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I want to minimize function FlogV (working with a multinormal distribution, Z is data matrix NxC; SIGMA it´s a square matrix CxC of var-covariance of data, R a vector with length C)

FLogV <- function(P){

(here I define parameters, P, within R and SIGMA)

logC <- (C/2)*N*log(2*pi)+(1/2)*N*log(det(SIGMA))

SOMA.t <- 0

for (j in 1:N){
SOMA.t <- SOMA.t+sum(t(Z[j,]-R)%*%solve(SIGMA)%*%(Z[j,]-R))

MlogV <- logC + (1/2)*SOMA.t



minLogV <- optim(P,FLogV)

All this is part of an extend code which was already tested and works well, except in the most important thing: I can´t optimize because I get this error: “Error in solve.default(SIGMA) : system is computationally singular: reciprocal condition number = 3.57726e-55”

If I use ginv() or pseudoinverse() or qr.solve() I get: “Error in svd(X) : infinite or missing values in 'x'”

The thing is: if I take the SIGMA matrix after the error message, I can solve(SIGMA), the eigen values are all positive and the determinant is very small but positive det(SIGMA) [1] 3.384674e-76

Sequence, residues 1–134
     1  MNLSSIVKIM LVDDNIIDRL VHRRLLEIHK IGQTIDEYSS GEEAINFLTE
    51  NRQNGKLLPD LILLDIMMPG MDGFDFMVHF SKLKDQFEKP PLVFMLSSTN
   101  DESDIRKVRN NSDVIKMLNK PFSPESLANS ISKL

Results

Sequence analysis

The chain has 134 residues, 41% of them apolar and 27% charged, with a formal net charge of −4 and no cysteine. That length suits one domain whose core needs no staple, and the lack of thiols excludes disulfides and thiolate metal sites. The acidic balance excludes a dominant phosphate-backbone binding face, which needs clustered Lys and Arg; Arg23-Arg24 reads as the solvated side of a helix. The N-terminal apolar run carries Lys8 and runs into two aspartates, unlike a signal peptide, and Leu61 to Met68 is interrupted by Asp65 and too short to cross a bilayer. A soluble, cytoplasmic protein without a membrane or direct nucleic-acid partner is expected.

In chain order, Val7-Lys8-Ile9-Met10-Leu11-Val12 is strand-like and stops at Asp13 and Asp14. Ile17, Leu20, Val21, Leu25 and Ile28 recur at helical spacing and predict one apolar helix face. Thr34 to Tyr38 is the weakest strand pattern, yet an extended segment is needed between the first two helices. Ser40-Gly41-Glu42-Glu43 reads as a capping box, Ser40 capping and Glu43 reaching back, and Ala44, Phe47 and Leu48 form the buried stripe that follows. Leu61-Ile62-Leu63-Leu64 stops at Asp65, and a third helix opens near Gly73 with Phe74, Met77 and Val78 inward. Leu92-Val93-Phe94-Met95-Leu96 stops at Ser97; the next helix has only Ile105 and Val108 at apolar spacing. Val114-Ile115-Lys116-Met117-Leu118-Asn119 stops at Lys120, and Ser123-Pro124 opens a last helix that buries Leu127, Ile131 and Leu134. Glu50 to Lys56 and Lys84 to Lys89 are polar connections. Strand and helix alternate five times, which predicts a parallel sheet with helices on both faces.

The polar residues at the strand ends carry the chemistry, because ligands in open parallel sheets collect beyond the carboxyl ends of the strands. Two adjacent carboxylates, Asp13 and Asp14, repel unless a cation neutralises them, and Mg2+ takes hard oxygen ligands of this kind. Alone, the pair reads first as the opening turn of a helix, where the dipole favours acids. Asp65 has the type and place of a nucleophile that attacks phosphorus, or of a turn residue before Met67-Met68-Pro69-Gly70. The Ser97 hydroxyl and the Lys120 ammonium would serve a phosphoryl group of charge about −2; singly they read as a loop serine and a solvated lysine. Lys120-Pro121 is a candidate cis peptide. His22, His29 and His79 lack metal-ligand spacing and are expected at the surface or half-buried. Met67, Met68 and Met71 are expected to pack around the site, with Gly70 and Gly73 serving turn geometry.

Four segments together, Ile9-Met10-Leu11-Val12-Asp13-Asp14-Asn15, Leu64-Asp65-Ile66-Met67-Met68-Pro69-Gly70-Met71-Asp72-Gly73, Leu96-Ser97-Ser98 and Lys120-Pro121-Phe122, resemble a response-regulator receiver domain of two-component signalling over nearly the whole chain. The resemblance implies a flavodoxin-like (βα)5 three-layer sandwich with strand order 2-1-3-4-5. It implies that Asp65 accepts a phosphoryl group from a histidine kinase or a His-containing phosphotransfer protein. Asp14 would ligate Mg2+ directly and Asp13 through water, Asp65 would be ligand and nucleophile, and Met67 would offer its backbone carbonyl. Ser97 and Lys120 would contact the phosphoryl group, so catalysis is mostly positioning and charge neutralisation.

[1] 0.066490265 0.024034173 0.018738777 0.015718562 0.013568884 0.013086845
[31] 0.002414433 0.002061556 0.001795105 0.001607811

I already read several papers about change matrices like SIGMA (which are close to singular), did several transformations on data scale and form but I realized that, for a 34x34 matrix like the example, after det(SIGMA) close to e-40, R assumes it like 0 and calculation fails; also I can´t reduce matrix dimensions and can´t input in my function correction algorithms to singular matrices because R can´t evaluate it working with this optimization functions like optim. I really appreciate any suggestion to this problem. Thanks in advance, Maria D.

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1 Answer 1

It isn't clear from your post whether the failure is coming from det() or solve()

If its just the solve in the quadratic term, you may want to try the two argument version of solve, it can be a bit more stable. solve(X,Y) is the same as solve(X) %*% Y

If you can factor sigma using chol(), you will get a triangular matrix such that LL'=Sigma. The determinant is the product of the diagonals, and you might try this for the quadratic term:

crossprod( backsolve(L, Z[j,]-R))
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